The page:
Background

The Hudson and Mohawk Rivers transverse predominantly erosion-resistant uplands, although the valley itself occupies a terrain of erosion-susceptible shale. The lower Hudson crosses six geologic terrains. From Troy to Cornwall, the river runs through a valley in the Appalachian Ridge and Valley Province. This area is underlain by gently folded and tilted siltstones, shales, and carbonate rocks (Sanders, 1974). From Cornwall-on-Hudson southward to Peekskill, the river cuts through the Hudson Highlands, a band of resistant, Precam-brian crystalline rocks. Below Peekskill, the west bank of the river skirts the rocks of the Newark Basin. These are predominantly Triassic and Jurassic Period sandstones, shales, and volcanic rocks (Sanders, 1974) and include the Palisades escarpment. The east bank is formed of high-grade metamorphic rocks of the Manhattan Prong of the New England Uplands: Precambrian and Lower Paleozoic Era schists, marble, quartzite, and gneiss. The Hudson discharges into the Upper and Lower bays on New York Harbor spilling out across the unconsolidated sediments of the Coastal Plain to the Atlantic Ocean.

All these rocks constrain the river in a resistant foundation wherein sediment sources are largely confined to a veneer of glacial deposits. Glacial tills, drift, and outwash sands blanket the entire drainage area. Most valleys of the tributaries are lined with unconsolidated silts and clays originally deposited in glacial lakes during the retreat of the Wisconsin glaciation. Ground moraine tends to be relatively resistant to erosion but can supply a wide range of grain sizes to the river. Sand enters the system from local concentrations of glacial sand bodies, while silt and clay can be provided from the reworking of glaciolacustrine deposits. In the lower reaches of the river, these sources are supplemented by a supply of sediment up-estuary from the sea. Sand from the Coastal Plain can migrate into the river under tidal influences and finegrained, marine sediments are recycled into the Hudson by a characteristic, estuarine circulation.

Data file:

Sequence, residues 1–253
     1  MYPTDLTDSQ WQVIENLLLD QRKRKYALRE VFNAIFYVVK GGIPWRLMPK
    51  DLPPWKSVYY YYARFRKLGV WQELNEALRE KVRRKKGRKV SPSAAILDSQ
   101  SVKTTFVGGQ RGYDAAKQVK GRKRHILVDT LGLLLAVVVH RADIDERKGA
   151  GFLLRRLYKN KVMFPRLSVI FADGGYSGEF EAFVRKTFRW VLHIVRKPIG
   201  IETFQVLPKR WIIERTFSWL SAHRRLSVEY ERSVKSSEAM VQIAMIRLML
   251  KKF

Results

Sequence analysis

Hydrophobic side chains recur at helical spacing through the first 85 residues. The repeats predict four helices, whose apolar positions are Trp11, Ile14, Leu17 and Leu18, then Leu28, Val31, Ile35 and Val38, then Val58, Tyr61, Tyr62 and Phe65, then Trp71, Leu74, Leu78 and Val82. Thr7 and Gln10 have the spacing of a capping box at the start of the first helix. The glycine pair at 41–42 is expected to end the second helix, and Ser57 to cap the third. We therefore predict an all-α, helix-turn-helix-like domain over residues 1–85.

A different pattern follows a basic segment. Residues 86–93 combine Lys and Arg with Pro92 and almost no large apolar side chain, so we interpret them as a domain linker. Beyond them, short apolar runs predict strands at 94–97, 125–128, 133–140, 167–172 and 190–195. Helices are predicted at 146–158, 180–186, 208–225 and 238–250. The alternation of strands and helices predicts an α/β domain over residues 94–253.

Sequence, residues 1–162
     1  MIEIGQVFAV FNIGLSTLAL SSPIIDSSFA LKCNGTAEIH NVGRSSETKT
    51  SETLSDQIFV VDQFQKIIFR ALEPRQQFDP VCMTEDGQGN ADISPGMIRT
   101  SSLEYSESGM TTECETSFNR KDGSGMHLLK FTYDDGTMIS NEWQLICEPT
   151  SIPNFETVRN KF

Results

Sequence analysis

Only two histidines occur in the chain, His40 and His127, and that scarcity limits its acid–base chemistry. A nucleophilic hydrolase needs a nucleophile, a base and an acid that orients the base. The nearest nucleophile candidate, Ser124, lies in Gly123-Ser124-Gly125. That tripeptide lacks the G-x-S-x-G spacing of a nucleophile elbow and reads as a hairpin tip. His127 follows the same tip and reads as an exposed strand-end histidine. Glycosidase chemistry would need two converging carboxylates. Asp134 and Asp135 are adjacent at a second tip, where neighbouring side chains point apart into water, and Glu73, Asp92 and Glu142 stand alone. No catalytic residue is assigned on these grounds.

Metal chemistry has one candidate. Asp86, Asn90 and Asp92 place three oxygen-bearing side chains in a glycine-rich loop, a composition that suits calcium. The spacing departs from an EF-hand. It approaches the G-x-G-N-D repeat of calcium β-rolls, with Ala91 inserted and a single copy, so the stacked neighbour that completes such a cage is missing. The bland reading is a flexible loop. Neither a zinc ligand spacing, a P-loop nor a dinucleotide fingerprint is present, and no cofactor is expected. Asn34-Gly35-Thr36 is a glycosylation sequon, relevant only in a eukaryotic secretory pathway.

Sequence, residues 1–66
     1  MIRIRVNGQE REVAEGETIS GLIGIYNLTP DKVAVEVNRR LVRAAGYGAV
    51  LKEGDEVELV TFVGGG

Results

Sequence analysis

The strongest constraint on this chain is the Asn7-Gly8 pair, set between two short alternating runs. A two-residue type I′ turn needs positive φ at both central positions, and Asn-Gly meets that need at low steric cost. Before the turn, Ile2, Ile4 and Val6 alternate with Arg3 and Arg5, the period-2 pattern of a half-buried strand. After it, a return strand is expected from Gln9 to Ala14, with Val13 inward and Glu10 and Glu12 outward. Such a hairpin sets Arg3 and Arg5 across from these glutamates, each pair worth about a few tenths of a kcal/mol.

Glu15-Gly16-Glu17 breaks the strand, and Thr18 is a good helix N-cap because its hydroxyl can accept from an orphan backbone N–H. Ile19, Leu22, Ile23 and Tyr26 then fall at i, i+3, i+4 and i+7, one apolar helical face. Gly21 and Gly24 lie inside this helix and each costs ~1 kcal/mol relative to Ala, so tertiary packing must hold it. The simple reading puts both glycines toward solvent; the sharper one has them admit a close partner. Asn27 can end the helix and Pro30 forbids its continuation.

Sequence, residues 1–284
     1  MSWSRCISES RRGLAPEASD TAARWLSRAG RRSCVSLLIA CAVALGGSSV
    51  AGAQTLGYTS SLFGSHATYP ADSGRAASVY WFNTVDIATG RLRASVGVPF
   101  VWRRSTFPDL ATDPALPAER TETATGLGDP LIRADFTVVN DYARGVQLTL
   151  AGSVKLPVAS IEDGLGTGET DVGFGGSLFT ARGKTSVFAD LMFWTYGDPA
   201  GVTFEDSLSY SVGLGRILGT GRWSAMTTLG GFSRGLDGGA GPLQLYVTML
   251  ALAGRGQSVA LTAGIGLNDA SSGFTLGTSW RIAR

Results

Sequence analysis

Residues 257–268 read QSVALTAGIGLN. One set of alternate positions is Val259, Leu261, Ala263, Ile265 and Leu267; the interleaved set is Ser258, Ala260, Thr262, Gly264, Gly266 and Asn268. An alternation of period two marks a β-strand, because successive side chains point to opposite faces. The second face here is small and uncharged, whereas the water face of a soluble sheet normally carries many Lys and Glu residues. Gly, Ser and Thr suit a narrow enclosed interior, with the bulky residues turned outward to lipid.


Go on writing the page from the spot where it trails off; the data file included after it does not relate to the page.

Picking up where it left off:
Most of the lower Hudson drainage basin (57 percent) is forested, however anthropogenic influences permeate the entire estuary. Dredged areas comprise about 8 percent of the area of the estuary or some 23 km2 out of a total surface area of 282 square kilometers above the Battery (Ellsworth, 1986). The banks of the estuary have been extensively stabilized by bulkheads and "rip-rap," or railroad beds, which run up the shore on both sides of the estuary. About 2 percent of the west shore and 21 percent of the east shore is stabilized by the railroad (Ellsworth, 1986). Rocky shoreline or stabilized shoreline accounts for approximately 43 percent of the total shoreline. The main stem of the estu ary is dammed at Troy. Tributaries below Troy may be dammed or otherwise restricted by causeways supporting the railroads along the shores.

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